As emphasized above, there is presently no cure for scoliosis. In adults, scoliosis has a natural propensity to become increasingly aggravating and lead to the gradual deterioration of the skeletal system (Van Rooyen et al., 2019). Therefore, curing scoliosis completely is presently impossible; moreover, it is unlikely that a cure is ever developed. However, as the description of the strategies provided above shows, the development of scoliosis can be reduced significantly.



Scoliosis primarily affects children, leading to the gradual deterioration of patients’ condition as they mature and age (Applebaum et al., 2021). Observed in infancy and early childhood, in most cases, scoliosis affects women much more often than men (Applebaum et al., 2021). Nevertheless, due to the lack of accurate understanding of the factors that induce the development of scoliosis in patients, determining the key risk groups is quite complicated. Therefore, following a general standard for a healthy lifestyle and supporting proper musculoskeletal development, as well as developing a proper grasp of one’s family health history, are strongly recommended steps.


As stressed above, the absence of thorough and profound research on the nature of scoliosis currently represents a major gap to be filled in the nearest future. However, the available studies on scoliosis expand upon the effectiveness of some of the interventions and therapies geared toward improving patients’ conditions.

Moreover, numerous studies address the issue e of diagnosing scoliosis s the means of addressing the problem at the earliest stages of its formation and development. For instance, the paper by Tao et al. (2020) indicates a rise in the efficacy of imaging methods for diagnosing the presence of scoliosis in children and infants.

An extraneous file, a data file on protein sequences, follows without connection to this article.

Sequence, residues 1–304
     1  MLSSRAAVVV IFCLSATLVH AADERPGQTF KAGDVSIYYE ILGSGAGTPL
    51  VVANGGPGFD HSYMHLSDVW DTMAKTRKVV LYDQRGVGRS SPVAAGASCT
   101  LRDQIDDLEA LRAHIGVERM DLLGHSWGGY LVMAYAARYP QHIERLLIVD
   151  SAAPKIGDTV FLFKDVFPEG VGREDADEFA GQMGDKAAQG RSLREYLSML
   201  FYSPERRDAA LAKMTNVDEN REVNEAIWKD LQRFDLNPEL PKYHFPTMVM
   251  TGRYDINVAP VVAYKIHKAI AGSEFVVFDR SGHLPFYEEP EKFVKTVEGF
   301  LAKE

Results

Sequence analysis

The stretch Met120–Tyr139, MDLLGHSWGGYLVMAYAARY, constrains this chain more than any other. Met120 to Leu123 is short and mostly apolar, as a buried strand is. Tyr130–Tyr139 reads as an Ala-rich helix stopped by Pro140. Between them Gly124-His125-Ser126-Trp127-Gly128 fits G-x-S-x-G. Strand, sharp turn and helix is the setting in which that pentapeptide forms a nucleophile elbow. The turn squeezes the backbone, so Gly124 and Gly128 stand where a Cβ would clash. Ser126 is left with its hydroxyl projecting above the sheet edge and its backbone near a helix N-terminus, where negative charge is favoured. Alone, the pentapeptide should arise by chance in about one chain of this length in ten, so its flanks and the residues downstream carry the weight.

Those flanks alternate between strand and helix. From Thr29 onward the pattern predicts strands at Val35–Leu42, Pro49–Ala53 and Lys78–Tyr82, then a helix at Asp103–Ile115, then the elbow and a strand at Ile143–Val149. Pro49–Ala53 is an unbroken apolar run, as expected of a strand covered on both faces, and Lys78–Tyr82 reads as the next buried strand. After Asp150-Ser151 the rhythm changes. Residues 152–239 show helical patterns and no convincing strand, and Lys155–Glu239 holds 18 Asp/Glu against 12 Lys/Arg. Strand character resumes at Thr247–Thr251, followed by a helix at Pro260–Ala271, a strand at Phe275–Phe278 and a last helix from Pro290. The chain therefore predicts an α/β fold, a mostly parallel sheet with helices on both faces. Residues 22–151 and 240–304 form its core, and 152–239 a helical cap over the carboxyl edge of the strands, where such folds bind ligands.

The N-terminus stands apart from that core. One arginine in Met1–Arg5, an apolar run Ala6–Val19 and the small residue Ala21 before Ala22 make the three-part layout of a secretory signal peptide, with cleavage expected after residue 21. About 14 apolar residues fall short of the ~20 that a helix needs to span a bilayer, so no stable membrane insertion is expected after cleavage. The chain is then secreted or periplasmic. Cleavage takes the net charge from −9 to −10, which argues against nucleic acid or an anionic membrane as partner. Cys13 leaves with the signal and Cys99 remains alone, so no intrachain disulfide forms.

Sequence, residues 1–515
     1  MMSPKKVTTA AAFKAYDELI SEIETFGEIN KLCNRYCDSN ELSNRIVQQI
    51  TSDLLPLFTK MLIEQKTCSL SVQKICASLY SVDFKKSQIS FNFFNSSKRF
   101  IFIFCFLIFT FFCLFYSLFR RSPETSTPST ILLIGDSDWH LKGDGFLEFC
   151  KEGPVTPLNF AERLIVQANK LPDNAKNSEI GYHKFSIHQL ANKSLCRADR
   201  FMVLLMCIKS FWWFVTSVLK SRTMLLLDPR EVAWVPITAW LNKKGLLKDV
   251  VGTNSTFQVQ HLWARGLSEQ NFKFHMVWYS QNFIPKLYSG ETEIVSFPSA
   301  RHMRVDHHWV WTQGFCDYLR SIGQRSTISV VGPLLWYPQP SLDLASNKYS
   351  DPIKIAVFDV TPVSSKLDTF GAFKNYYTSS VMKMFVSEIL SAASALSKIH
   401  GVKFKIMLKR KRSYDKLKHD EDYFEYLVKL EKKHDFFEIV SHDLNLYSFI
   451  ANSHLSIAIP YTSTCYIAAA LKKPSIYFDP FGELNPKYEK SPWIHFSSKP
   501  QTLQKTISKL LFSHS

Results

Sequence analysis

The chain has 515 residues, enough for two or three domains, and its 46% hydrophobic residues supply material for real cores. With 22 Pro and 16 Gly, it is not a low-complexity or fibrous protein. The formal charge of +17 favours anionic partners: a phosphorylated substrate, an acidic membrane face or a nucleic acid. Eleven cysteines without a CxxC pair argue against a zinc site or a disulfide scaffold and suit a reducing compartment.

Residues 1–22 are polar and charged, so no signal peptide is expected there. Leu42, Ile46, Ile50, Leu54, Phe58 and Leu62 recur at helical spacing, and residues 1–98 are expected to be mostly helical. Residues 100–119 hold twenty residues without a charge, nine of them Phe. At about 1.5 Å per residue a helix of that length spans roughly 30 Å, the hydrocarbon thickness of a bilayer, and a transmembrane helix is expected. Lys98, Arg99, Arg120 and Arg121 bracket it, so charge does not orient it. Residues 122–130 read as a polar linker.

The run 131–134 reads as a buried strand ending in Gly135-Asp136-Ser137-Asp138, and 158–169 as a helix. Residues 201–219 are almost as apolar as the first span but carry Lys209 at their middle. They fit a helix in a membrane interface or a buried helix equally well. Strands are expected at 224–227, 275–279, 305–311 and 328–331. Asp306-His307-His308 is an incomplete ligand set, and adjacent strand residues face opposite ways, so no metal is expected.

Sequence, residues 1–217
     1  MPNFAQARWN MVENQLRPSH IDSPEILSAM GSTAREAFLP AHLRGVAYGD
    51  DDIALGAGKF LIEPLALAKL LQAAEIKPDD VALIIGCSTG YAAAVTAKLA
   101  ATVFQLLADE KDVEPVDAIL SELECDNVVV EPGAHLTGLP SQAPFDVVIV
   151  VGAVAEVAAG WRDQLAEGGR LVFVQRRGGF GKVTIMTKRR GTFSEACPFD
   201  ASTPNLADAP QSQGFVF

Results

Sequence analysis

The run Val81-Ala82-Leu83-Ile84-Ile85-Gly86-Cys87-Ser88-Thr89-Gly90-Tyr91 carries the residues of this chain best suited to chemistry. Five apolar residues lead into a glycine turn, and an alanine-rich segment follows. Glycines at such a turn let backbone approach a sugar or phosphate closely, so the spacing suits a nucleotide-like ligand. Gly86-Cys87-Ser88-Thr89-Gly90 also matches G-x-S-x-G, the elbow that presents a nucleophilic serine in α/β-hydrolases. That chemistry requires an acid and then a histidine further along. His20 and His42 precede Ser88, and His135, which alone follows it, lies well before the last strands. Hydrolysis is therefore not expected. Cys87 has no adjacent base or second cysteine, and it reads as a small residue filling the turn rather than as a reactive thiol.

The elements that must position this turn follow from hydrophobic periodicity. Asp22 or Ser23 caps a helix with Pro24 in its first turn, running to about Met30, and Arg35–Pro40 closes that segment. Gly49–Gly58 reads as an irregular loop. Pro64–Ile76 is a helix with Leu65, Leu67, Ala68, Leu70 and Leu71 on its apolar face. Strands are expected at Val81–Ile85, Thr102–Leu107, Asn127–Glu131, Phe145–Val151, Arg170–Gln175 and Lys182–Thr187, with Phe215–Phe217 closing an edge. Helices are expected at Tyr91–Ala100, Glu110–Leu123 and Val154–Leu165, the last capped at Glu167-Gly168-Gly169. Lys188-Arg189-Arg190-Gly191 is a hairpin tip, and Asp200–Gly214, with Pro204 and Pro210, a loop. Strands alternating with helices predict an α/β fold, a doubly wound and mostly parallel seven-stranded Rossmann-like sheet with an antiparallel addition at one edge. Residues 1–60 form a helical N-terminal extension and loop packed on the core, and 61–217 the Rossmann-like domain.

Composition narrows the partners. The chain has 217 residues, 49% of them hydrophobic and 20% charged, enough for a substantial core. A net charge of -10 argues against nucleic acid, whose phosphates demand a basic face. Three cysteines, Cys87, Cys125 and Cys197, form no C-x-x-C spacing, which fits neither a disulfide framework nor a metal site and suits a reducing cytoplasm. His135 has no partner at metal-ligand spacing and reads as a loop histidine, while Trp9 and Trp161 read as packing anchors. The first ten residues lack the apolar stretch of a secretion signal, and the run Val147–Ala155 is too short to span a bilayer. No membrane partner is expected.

Overall, the problem of scoliosis remains a major public health issue. Affecting patients at extraordinarily young ages, scoliosis remains incurable, with the existing treatment options providing only a minor opportunity for improvement in a patient’s condition. Therefore, the further management of the issue must be geared toward seeing the nature of scoliosis and, therefore, defining the means of curing it.

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Applebaum, A., Nessim, A., & Cho, W. (2021). Overview and spinal implications of leg length discrepancy: Narrative review. Clinics in Orthopedic Surgery, 13(2), 127-134. Web.

Black, D. J., Pilcher, C., Drake, S., Maude, E., & Glynn, D. (2017). Current knowledge of scoliosis in physiotherapy students trained in the United Kingdom. Scoliosis and Spinal Disorders, 12(1), 1-9. Web.

Ledonio, C. G., Burton, D. C., Crawford III, C. H., Bess, R. S., Buchowski, J. M., Hu, S. S., & Sanders, J. O. (2017). Current evidence regarding diagnostic imaging methods for pediatric lumbar spondylolysis: A report from the scoliosis research society evidence-based medicine committee. Spine Deformity, 5(2), 97-101. Web.

Popko, J., Kwiatkowski, M., & Gałczyk, M. (2018). Scoliosis: Review of diagnosis and treatment. Polish Journal of Applied Sciences, 4(1), 31-35. Web.

Stergiou, C. (2018). The Schroth method of physical therapy for the treatment of idiopathic scoliosis. Journal of Research and Practice on the Musculoskeletal System, 2(03), 95-97. Web.

Van Rooyen, C., Du Plessis, L. Z., Geldenhuys, L., Myburgh, E., Coetzee, W., Vermeulen, N., & Burger, M. (2019). The effectiveness of Schroth exercises in adolescents with idiopathic scoliosis: A systematic review and meta-analysis. South African Journal of Physiotherapy, 75(1), 1-9. Web.